Las Vegas Convention Officials Show Off $52.5 Million Loop for First Time

By | April 11, 2021

The Las Vegas Convention and Visitors Authority (LVCVA) used Friday to showcase the Convention Center Loop. That’s the $52.5-million underground people mover built by Elon Musk’s The Boring Company to help shuttle people across the recently expanded Las Vegas Convention Center.

Vegas Loop
Cars are lined up at a station in the Las Vegas Convention Center Loop. The $52.5 million project is expected to open to the public in June. (Image: LVCVA)

Media outlets got the chance to take a ride in a Tesla, another Musk company, around the two one-way .8-mile tunnels. Your intrepid Casino.org reporter, unfortunately, was not among them, as he is based in Louisville. But I’m hoping to ride it the next time I go to Sin City.

The Tesla vehicles, some of which can hold up to 16 people, can travel as fast as 150 miles per hour. However, because of the short length of the course, the rides are capped at 35 miles per hour. Still, LVCVA officials noted that the Loop will cut down on the amount of time it takes people to traverse the 2 million square foot convention center, spread across 200 acres.

It’s over a mile to walk from one end to the other, and anytime you’ve seen that with a big crowded show, it can be more than a half an hour from one side of that show to the other,” said Steve Hill, LVCVA president and CEO. “So we needed a way to move people back and forth that was easy, that was fun, and was a way for them to experience everything that show has to offer.”

The tunnel project was the first for The Boring Company. Musk has proposed the tunnel system as a cost-efficient way to resolve traffic issues.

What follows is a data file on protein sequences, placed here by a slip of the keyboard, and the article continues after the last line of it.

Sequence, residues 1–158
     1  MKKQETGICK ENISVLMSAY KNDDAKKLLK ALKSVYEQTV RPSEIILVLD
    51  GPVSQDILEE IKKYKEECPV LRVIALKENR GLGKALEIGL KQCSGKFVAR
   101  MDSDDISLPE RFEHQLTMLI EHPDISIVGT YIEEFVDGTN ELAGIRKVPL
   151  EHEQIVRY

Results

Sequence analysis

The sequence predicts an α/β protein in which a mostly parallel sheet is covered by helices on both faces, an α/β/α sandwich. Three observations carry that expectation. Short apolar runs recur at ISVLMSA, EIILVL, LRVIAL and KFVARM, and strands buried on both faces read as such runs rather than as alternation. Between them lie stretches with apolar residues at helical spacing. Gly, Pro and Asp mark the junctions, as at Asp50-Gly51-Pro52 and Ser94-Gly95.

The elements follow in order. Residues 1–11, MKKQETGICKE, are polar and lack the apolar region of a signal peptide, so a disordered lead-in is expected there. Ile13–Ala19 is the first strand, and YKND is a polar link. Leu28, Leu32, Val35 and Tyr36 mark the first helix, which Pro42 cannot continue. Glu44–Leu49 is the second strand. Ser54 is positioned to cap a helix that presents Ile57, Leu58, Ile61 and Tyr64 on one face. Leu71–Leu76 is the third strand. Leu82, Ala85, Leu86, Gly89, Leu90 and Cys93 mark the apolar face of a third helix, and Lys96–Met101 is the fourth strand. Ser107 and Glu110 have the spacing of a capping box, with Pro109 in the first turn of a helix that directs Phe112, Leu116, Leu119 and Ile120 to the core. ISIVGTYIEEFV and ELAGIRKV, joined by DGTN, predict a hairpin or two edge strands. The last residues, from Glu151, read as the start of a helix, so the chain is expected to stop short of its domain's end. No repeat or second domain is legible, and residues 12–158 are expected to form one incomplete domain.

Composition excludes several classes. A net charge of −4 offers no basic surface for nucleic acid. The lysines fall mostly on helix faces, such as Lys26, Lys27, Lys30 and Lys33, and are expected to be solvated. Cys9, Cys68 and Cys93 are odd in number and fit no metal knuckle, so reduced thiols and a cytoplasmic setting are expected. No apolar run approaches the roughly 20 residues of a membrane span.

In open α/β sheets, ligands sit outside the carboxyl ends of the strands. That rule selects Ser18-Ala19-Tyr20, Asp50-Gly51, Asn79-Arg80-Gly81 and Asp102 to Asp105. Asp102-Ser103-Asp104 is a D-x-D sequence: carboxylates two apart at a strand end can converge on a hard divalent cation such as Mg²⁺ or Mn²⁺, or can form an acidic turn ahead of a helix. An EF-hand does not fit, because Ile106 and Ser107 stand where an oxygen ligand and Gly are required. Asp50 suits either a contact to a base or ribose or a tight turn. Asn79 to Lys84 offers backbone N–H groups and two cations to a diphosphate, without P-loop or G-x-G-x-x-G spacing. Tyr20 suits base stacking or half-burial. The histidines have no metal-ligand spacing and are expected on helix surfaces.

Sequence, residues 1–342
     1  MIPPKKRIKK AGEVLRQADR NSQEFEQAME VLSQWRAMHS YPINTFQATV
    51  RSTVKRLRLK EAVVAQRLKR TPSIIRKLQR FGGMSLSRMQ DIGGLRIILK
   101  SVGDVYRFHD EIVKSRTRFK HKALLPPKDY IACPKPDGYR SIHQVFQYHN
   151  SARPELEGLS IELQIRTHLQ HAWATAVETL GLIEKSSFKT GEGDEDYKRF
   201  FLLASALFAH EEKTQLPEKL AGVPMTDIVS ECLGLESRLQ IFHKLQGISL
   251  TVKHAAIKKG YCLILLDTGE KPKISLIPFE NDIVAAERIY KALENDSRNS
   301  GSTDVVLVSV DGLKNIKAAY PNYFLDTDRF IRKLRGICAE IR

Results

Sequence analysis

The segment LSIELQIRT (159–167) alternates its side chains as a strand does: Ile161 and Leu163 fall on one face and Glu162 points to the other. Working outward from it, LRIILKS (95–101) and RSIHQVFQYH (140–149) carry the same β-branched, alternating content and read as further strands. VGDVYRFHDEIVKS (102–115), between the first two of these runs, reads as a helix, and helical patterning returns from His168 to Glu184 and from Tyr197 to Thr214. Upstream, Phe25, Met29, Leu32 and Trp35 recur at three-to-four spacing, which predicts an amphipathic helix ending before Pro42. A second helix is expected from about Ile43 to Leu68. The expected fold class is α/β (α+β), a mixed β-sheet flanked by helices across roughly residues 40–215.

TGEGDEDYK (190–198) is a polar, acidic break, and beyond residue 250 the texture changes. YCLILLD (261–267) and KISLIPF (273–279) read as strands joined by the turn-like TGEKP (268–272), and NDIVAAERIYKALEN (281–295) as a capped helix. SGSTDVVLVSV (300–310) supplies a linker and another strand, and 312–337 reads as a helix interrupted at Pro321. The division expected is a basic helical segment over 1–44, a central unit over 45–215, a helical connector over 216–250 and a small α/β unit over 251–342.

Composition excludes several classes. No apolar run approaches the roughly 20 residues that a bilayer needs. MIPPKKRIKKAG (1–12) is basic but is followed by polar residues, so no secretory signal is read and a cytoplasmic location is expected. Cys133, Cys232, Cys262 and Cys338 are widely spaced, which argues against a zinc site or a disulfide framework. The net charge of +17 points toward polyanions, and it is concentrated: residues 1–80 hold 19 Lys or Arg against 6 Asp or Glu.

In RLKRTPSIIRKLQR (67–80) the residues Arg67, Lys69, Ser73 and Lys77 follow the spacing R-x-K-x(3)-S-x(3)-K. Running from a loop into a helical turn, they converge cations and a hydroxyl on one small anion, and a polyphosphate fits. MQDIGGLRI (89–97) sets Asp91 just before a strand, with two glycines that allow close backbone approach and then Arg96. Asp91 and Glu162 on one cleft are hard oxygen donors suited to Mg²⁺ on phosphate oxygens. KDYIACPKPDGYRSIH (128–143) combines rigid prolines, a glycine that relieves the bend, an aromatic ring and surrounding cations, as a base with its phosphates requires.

“We’re grateful to LVCVA and all local stakeholders for providing us the opportunity to construct our first commercial project in one of the world’s most dynamic destinations,” said The Boring Company President, Steve Davis.

Vegas Loop an “Entertainment Experience”

While the plan is for the cars to be driven autonomously at some point, live drivers were behind the wheels. Live drivers will also be in place when the system is expected to officially open during the World of Concrete, the first major trade show the center will host since the COVID-19 pandemic started last year.

Convention officials say the system will be able to accommodate as many as 4,400 people per hour. However, a report from TechCrunch.com last year indicated that fire safety standards may cut that capacity significantly.

If that’s the case, it could cost the company millions if it’s unable to meet the convention center’s needs.

On Friday, though, Hill was talking more about the impression the Loop may likely leave on riders.

“It’s fun,” he said. “People love Tesla. People love the idea of an entertainment experience, frankly, in moving back and forth across this campus. You can see how spectacular this underground station is. It’s a quick experience. But it’s also an artistic and fun one as well.”

LVCVA’s Hill Sees Loop as Transformational

Las Vegas officials, though, seem to have embraced the Musk loop concept. So much so, plans are still in the works to connect downtown Vegas, the Strip, Allegiant Stadium, and eventually McCarran International Airport.

Hill said that the Loop can transform how people move about in the city, as they’ll have more time to spend at resorts and other attractions.

“Many of our visitors land here at the airport,” he said. “They have to then leave the airport and go to the hotel. That can take some time. It can be a 20, 30, 40-minute experience. The Boring Company system, for example, can get you from the airport to downtown in about 10 minutes. It’ll be less expensive than a number of different options, and certainly much quicker.”

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